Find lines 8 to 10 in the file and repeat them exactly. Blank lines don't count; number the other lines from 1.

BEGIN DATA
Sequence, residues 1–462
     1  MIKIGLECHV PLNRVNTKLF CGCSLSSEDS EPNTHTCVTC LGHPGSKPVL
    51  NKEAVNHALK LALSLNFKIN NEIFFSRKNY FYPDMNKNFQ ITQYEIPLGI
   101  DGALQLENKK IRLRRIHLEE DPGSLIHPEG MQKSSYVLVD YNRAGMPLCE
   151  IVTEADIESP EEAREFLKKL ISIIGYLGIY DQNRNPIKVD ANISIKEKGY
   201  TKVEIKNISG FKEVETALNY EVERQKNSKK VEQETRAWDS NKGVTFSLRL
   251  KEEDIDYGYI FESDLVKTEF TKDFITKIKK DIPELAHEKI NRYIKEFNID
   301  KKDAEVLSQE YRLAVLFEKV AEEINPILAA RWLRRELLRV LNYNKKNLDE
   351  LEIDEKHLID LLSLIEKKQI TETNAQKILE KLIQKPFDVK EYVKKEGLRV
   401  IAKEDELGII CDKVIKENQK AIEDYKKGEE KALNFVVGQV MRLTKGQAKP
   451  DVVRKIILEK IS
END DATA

   301  KKDAEVLSQE YRLAVLFEKV AEEINPILAA RWLRRELLRV LNYNKKNLDE
   351  LEIDEKHLID LLSLIEKKQI TETNAQKILE KLIQKPFDVK EYVKKEGLRV
   401  IAKEDELGII CDKVIKENQK AIEDYKKGEE KALNFVVGQV MRLTKGQAKP